A mathematical model has revealed a genetic basis for selfishness and altruism

Credit iStock
Credit iStock

 

A mathematical model could help us understand why some people evolve to be nice and why others seem to be inherently nasty.
The model, designed by Sasha Dall from the University of Exeter, offers a framework for “examining in a range of different species” to help us understand how social relationships have evolved over time.

The model is based on the idea of “kin selection”, which seeks to explain why some animals are altruistic – sometimes at their own expense – for the benefit of their pack or family as a whole. One example used by Dall is worker . These bees are willing to die for the benefit of the Queen , but why this behaviour evolved was previously unknown.

The Exeter team examined microbial colonies to explore the basis of altruism.

The found that there was a genetic tendency in some species that could predict whether an animal was likely to be altruistic or selfish. This tendency was more pronounced than other factors, including relatedness to members of community and surroundings.

“As humans, our behaviours are flexible and we base what we are meant to do on what we are meant to do on what we see after processing information about our world,” said Dall.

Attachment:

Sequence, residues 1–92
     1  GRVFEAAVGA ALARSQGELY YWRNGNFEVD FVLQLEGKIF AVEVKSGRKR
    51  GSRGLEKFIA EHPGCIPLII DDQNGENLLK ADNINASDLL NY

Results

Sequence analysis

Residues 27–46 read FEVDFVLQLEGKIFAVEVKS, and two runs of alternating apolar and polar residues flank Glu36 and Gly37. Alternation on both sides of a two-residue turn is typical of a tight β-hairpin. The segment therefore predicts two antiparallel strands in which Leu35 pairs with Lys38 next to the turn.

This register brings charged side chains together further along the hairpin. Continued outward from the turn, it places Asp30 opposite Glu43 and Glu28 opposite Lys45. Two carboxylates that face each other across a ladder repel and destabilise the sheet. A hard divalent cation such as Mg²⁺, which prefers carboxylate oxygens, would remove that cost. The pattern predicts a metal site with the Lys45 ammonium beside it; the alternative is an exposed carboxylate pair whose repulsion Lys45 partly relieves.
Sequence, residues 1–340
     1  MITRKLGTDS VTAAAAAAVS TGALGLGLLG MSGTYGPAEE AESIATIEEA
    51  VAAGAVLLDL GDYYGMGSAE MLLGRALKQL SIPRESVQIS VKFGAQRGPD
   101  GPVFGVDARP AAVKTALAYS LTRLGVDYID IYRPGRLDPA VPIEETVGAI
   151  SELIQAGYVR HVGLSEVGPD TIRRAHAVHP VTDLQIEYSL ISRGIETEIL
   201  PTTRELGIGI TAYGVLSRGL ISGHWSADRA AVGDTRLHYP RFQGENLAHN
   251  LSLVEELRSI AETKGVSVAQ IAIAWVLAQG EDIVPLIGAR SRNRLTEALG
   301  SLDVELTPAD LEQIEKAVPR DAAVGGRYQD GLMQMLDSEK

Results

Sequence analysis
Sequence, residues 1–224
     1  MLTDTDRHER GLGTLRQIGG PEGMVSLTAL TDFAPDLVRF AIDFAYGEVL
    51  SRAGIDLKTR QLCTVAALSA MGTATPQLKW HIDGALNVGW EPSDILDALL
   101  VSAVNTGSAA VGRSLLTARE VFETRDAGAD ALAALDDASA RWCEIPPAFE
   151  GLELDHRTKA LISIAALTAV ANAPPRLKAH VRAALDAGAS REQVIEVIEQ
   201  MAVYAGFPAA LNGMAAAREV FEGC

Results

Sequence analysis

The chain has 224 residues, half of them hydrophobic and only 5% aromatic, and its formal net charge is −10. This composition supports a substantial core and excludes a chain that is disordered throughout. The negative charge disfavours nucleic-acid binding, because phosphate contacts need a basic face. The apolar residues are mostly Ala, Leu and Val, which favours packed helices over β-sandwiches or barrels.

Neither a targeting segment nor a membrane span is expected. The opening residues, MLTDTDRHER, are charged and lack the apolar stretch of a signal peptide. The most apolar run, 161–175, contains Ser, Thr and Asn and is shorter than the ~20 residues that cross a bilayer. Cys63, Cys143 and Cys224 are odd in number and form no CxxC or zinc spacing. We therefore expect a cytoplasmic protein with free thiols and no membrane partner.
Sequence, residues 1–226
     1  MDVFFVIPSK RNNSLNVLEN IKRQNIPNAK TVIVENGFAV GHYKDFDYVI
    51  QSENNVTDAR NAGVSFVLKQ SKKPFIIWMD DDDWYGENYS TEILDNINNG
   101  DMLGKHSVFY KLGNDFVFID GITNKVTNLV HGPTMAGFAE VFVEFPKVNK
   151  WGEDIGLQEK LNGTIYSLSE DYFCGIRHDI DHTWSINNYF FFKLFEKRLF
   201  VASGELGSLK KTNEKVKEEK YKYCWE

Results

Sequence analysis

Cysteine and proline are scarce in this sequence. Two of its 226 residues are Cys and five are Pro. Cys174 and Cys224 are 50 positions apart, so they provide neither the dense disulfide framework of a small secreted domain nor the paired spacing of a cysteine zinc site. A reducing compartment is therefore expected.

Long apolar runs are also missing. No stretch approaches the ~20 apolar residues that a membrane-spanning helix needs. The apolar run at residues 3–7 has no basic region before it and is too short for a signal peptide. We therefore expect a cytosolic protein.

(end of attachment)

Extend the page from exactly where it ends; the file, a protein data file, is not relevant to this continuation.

“However, some species rely on inherited instructions on what to do – individuals behave differently according to which specific genetic variants they are born with. What we have been able to show is how you can get a situation where you end up with distinct levels of genetically determined niceness coexisting within populations.”

Olof Leimar, a professor at Stockholm University who also worked on the paper, said that social evolution theory had never previous addressed “genetic polymorphism”.
“We have developed a model that allows us to explore this further within a general framework alongside other behavioural influences. Our hope and aim is to do further work in this area to test out our model experimentally.”

The study has been published by PLOS Computational Biology.

 

 

 

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